Tuesday, February 16, 2010

Steven-Elliot Altman and Diane DeKelb-Rittenhouse: The Killswitch Review

Steven-Elliot Altman and Diane DeKelb-Rittenhouse's The Killswitch Review is a heavy-handed diatribe against government control of death and dying. In the year 2156, stem cell therapy and other advances make it technically feasible to extend lifespans indefinitely. But a malthusian economy makes it necessary to restrict the technology to Conscientious Citizens, and to control access to suicide at the same time.

The Killswitch of the title is a technology introduced by the government to allow a painless suicide, and record the context to ensure that nothing nefarious is involved. Jason Haggerty works for the agency that reviews the records. Anyone over thirty can request a Killswitch--access is forbidden to minors. (And as usual, they want access as a sign of their maturity.)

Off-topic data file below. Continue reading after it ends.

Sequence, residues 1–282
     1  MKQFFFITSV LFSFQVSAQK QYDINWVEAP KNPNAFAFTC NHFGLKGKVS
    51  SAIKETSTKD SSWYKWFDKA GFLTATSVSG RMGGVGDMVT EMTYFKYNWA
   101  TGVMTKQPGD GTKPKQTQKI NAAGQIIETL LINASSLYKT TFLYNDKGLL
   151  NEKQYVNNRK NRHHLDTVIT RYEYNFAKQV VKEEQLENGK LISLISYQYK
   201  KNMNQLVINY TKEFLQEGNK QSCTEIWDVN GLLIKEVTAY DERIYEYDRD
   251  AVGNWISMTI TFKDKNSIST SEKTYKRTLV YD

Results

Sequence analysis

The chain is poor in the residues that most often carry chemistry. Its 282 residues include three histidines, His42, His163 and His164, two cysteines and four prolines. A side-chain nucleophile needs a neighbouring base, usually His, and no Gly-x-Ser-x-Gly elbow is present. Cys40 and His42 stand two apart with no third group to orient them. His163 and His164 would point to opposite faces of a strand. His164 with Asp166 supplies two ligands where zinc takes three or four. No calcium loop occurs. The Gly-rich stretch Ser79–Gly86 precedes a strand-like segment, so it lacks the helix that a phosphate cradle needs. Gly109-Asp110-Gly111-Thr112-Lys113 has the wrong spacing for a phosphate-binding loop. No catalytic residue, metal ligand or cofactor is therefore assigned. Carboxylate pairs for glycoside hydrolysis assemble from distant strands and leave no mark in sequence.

The society is so depressing that people who could live indefinitely do kill themselves, and people with no hope want to do the same. For some reason, the authorities want to prevent the latter, while society suffers from overpopulation and many forms of ecological catastrophe.

The story follows Jason as he and his sidekick android track a public suicide that may not have been what it seemed. They find conspiracies, speakeasy torture parlors, freedom fighters toiling in the wilderness, and of course, the richest man in the world is responsible for the plot.

For me, the story never overcame the premise. A future in which people are a burden, only the well-connected have access to longevity treatments, but they aren't sure they want them, and masses of young people who are unemployed, bored, and forbidden access to anything that might give them a way out. Bleah.

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